Grush refers to a silver currency unit used for daily transactions in the Ottoman Empire. The purchasing power of ten grush in Ben Ish Hai’s context may be estimated at US$15-20. Thus the loan that Ben Ish Hai was advocating was a symbolic gesture, though the amount was not worthless. The symbolism of the act is further emphasised by the identity of the recipient – a friend, rather than a pauper. This post-prozbul loan was an attempt to preserve an element of debt release, even if it was only a shadow of the original biblical commandment.
Ben Ish Hai opened his description with the claim that “there are those who act piously” – indicating that this was an existing custom. Alas, documentation of such a practice has not reached us. At least as far as local practice was concerned, Ben Ish Hai seems to have introduced the custom in Baghdad, as the following biographical note suggests:
I instituted this mitzvah here in our city Baghdad, may God protect it. I printed prozbul documents and I distributed them to a number of people and they executed them.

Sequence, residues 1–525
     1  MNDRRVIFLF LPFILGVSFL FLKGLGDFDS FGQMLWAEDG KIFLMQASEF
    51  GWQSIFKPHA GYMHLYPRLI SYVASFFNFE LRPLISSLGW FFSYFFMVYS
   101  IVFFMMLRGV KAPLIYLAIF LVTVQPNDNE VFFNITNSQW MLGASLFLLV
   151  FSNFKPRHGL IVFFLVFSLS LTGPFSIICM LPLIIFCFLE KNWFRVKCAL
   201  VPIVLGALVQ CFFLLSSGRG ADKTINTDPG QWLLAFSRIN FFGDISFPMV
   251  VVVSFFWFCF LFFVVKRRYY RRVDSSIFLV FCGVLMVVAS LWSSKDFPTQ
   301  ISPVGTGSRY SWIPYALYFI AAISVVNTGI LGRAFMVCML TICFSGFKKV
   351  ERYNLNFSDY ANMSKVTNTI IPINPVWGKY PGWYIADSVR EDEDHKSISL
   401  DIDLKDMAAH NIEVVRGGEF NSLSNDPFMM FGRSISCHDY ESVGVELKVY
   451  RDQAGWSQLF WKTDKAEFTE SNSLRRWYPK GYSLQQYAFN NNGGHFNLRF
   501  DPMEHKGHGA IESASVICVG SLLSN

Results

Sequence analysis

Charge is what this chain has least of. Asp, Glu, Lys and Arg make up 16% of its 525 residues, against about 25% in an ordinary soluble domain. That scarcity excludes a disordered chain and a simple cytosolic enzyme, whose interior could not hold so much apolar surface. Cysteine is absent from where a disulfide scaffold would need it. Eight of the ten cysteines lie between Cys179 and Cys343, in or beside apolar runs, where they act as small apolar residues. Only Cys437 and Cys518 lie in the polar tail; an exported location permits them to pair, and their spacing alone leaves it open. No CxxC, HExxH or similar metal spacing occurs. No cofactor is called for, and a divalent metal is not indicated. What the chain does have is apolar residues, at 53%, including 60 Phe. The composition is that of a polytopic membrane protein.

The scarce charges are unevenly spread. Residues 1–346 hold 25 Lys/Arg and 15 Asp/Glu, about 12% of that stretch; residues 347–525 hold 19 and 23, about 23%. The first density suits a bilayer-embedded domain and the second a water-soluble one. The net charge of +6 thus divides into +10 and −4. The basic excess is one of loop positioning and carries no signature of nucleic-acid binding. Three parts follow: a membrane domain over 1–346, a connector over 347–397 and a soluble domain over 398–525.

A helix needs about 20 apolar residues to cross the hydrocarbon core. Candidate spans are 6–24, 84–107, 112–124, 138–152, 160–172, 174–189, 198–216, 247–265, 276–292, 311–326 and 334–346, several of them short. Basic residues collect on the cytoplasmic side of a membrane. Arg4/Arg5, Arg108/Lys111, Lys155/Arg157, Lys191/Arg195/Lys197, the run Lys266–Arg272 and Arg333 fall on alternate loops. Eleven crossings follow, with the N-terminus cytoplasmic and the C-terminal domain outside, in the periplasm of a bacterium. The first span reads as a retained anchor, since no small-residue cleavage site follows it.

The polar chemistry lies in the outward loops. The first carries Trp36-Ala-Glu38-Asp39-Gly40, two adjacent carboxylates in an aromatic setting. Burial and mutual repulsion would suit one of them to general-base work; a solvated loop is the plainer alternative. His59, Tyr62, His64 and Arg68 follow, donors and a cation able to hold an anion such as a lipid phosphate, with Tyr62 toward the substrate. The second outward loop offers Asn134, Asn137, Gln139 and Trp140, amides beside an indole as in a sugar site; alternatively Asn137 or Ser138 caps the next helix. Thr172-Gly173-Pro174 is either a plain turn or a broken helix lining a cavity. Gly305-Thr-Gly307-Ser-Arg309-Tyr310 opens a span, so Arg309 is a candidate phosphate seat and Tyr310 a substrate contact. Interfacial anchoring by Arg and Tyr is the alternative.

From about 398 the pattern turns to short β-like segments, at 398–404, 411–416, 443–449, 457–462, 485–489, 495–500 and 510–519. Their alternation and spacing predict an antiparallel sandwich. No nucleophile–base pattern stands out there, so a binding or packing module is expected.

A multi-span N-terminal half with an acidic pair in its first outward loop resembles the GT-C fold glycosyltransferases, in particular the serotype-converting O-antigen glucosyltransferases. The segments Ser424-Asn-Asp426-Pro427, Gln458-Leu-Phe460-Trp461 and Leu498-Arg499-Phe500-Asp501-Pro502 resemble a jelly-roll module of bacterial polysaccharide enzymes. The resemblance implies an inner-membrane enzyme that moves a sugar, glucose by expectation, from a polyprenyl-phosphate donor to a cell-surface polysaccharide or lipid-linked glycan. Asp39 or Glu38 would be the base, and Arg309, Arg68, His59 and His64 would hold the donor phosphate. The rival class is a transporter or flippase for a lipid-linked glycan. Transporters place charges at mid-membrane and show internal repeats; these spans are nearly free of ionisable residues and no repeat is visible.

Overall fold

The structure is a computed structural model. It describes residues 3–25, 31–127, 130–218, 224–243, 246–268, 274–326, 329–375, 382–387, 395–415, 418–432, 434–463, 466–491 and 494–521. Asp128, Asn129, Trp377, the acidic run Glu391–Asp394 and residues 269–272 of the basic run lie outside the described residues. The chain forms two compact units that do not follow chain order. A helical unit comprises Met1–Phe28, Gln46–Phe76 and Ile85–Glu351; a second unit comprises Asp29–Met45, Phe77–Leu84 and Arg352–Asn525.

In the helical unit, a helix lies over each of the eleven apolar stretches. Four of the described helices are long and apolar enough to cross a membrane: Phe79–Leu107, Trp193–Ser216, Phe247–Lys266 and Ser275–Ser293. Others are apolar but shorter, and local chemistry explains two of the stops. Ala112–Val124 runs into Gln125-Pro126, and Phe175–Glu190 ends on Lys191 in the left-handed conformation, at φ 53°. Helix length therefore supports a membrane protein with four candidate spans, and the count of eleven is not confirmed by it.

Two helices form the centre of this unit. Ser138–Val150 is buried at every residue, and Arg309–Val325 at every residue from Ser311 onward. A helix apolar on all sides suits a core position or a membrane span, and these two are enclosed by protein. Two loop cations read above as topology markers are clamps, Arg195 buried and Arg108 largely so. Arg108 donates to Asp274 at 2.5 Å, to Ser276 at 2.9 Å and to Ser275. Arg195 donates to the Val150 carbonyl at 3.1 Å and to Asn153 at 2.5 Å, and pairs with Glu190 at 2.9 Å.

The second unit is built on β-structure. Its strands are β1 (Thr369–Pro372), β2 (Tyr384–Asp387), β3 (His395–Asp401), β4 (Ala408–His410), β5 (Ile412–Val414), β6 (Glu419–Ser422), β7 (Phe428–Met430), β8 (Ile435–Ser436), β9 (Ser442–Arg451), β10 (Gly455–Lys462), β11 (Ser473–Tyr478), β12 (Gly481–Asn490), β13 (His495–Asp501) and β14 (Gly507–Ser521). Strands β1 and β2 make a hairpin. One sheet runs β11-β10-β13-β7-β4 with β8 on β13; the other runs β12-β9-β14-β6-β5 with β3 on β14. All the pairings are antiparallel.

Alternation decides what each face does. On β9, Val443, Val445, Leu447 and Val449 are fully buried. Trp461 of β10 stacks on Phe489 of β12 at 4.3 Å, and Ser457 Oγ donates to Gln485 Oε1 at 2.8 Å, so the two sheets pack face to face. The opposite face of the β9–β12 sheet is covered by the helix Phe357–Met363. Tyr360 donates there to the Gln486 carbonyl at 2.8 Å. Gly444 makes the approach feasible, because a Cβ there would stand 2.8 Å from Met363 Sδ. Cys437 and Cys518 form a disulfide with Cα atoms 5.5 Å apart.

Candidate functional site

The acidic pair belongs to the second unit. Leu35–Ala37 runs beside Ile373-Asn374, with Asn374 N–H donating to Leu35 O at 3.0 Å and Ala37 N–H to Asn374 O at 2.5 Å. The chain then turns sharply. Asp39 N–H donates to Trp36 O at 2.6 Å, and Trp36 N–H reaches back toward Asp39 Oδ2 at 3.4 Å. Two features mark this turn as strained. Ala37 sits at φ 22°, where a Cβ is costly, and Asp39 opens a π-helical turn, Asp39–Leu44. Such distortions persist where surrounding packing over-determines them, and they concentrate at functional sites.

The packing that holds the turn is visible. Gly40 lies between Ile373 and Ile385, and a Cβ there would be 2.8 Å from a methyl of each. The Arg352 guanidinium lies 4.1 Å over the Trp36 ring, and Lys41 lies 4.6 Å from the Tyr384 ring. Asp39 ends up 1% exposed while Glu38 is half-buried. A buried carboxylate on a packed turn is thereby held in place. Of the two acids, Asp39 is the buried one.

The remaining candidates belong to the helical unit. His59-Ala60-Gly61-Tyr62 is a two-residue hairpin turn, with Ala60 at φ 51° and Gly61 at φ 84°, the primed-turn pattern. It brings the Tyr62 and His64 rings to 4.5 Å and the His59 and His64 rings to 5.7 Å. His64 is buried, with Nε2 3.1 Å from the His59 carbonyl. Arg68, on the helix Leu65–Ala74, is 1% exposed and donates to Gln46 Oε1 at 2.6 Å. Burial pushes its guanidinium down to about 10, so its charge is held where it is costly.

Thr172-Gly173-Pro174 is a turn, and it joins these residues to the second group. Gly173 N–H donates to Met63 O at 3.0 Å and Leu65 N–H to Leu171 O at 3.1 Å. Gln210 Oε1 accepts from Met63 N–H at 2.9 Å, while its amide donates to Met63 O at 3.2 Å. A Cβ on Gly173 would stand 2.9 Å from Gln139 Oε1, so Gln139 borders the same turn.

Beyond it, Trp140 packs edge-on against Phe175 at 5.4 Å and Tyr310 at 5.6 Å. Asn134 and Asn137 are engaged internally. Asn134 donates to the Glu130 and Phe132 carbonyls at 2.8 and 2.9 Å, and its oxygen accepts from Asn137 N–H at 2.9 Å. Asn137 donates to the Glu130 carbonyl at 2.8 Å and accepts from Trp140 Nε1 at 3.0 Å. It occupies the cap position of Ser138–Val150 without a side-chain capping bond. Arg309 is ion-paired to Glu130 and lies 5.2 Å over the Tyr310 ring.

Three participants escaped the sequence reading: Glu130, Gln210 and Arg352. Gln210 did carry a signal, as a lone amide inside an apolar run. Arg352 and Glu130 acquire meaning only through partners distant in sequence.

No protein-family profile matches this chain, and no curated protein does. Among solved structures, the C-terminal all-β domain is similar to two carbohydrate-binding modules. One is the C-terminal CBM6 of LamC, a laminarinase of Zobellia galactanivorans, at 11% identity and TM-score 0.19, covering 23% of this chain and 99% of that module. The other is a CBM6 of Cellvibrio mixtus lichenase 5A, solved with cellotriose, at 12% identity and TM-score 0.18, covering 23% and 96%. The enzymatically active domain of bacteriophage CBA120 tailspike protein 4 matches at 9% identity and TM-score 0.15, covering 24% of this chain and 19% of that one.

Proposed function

And I also taught them that they should do thus – to loan any sum after the prozbul time and to actually fulfil the mitzvah.
Ben Ish Hai added a further angle:
And also if a person borrowed loaves of bread from his friend, even one loaf, the law of Shemittah applies to this.
In the eyes of the Ben Ish Hai, this was an opportunity for fulfilment of the mitzvah by another sector of the community:
Therefore, it is good if the woman loans a loaf of bread or two or three to her friend on the day before Rosh Hashanah, and after Rosh Hashanah when [the borrower] pays her back, she will say to her: “I cancel [the debt],” and thus this woman fulfils the commandment of Shemittah.
Once again Ben Ish Hai provided a local report, followed by a triumphant crescendo:
And thus a number of women did so in our city, may God protect it, because with the help of God may he be blessed, I preached [about] this matter in public. Fortunate is Israel!